As world leaders gathered in Sharm el-Sheikh, Egypt, for COP27 on November 7-8, emissions from shipping remained a key focus. While shipping is not covered by the Paris Climate Accord – the main thrust of COP27 – the decarbonisation of the sector is undeniably a priority.
An early announcement from COP27 (held 6-18 November 2022) reinstated a commitment to roll out end-to-end decarbonised shipping routes, building on the UK-led Clydebank Declaration on green shipping corridors set at the previous COP. The US, UK, Norway and the Netherlands have pledged at COP27 to make green maritime links between the four countries through green shipping corridors – specific maritime routes decarbonised from end to end, including both land-side infrastructure and vessels.
The UK and US are to launch a special Green Shipping Corridor Task Force focussed on bringing together experts in the sector, encouraging vital research and development, and driving other important work and projects to see these initiatives come to life as quickly as possible.
UK Transport Secretary Mark Harper said: “The challenges posed by climate change are clear and the need to decarbonise maritime has never been greater. The UK has already made significant progress, with the Global Maritime Forum calling the UK the most proactive government in the Clydebank Declaration in terms of stakeholder engagement. The UK, alongside its counterparts in the Zero Emission Shipping Mission, also recently published an action plan to remove obstacles to creating a greener maritime sector, from clean energy ports to zero-emission vessels and the green fuels that will be needed to develop green shipping corridors.”
Ben Murray, CEO of Maritime UK, described green shipping corridors as having the potential to “catalyse decarbonisation in the maritime sector”, while UK Chamber of Shipping CEO Sarah Treseder said green corridors could play an essential role in “stimulating early action to adopt low and net-zero emission technologies and fuels”.
From Australia, Chris Bowen, Minister for Industry, Energy and Emissions Reduction, warned that emissions from the shipping sector are on an upward trajectory at odds with the goals of the Paris Agreement. At COP27 Australia has agreed on a Green Economy Agreement with Singapore which includes measures to implement green shipping corridors using technology to decarbonise the sector.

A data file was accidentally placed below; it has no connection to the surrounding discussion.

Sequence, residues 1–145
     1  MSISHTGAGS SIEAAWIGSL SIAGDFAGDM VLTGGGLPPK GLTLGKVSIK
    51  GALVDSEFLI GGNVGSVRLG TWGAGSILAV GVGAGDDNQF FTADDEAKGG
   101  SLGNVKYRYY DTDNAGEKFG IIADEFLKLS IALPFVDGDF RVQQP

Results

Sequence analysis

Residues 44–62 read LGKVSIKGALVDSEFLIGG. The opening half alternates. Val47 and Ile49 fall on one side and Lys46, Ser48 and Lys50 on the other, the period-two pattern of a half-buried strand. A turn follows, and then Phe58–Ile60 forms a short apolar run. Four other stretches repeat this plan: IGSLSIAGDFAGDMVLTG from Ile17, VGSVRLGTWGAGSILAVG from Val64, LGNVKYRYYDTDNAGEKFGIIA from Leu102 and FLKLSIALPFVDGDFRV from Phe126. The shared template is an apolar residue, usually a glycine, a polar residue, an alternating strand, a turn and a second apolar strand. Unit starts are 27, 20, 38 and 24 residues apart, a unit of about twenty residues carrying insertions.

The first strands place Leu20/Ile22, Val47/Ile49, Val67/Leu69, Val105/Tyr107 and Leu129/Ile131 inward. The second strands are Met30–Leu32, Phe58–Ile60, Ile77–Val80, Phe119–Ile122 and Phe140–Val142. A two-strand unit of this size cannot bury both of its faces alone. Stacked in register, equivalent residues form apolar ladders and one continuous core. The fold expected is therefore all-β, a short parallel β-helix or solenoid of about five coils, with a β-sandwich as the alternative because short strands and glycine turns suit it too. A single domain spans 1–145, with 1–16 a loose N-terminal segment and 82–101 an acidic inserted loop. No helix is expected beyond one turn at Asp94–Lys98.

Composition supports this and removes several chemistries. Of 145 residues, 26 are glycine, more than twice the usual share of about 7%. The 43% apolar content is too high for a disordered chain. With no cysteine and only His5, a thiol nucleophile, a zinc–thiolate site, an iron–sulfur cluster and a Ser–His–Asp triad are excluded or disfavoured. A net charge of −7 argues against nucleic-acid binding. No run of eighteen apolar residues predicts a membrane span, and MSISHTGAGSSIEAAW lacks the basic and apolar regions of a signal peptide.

“Areas of collaboration with Singapore could include emissions-reduction operations at sea and at ports, assessing routes, alternative fuel use and bunkering, and infrastructure requirements,” he said.
Another shipping-related COP27 initiative already making waves is the Global Shipping Challenge, announced by the US and Norway. The challenge highlights 40 national and corporate climate commitments, including Maersk’s agreement with Spain to collaborate on large-scale green fuels production, DP World’s investment of up to $500 million to cut CO2 emissions from its operations by nearly 700,000 tonnes over the next five years, discussions on the establishment of green and digital shipping corridors between Los Angeles, Long Beach and Singapore, and the US pledge to create a national action plan for maritime decarbonisation. Green shipping corridors also appear in the list of 40 commitments.
For their part, Norway’s delegation has announced a significant pledge to cut their shipping emissions at the same pace as the country’s reduction: by 50% by 2030. This is in addition to the current IMO target to reduce CO2 emissions from global shipping by at least 40% by 2030 and 70% by 2050. Norway acknowledges that achieving these ambitious 2030 national climate goals will require 700 low-emission and 400 zero-emission ships in Norway alone.
Just in time
The UN Climate Change High-Level Champions note the timeliness of COP27: it’s the last COP before the IMO meets in spring 2023 to decide its final greenhouse gas strategy. At that meeting, shipping needs to be set on a 1.5 degree C aligned trajectory based on the Intergovernmental Panel on Climate Change science, with ambitious 2030 and 2040 targets. “This COP27 needs to give confidence to policymakers that this transformation is possible and ensure that the outcomes of COP are transferred to the IMO policy negotiations,” the Climate Champions said. The High Level Champions and the associated Climate Champions team connect the work of governments with the many voluntary and collaborative actions taken by cities, regions, businesses and investors to deliver the goals of the Paris Agreement.
Collectively, they are calling for action from non-state actors alongside national pledges to enact meaningful change. These include public-private partnerships to implement green shipping corridors by the middle of the decade; shipping customers sending a demand signal and committing to only using zero ocean freight by 2040; shipowners only building zero-emission or zero emission ships going forward; finance, insurers and charterers committing to join market initiatives to disclose the climate alignment of their portfolios; hydrogen producers sending a signal to maritime that production capacities can be met for shipping’s demand; and shipowners taking action to upskill and retrain seafarers.
World leaders might have left the proceedings by the time this article is published. Still, they will have left behind teams of representatives, environment ministers and other high-ranking officials to negotiate and agree on the terms of the declarations made at CPO27. They will certainly be kept busy with fine-tuning the shipping-related ones and much will hang on to what is agreed upon at the Decarbonisation Day on November 11.
Source: Baltic Exchange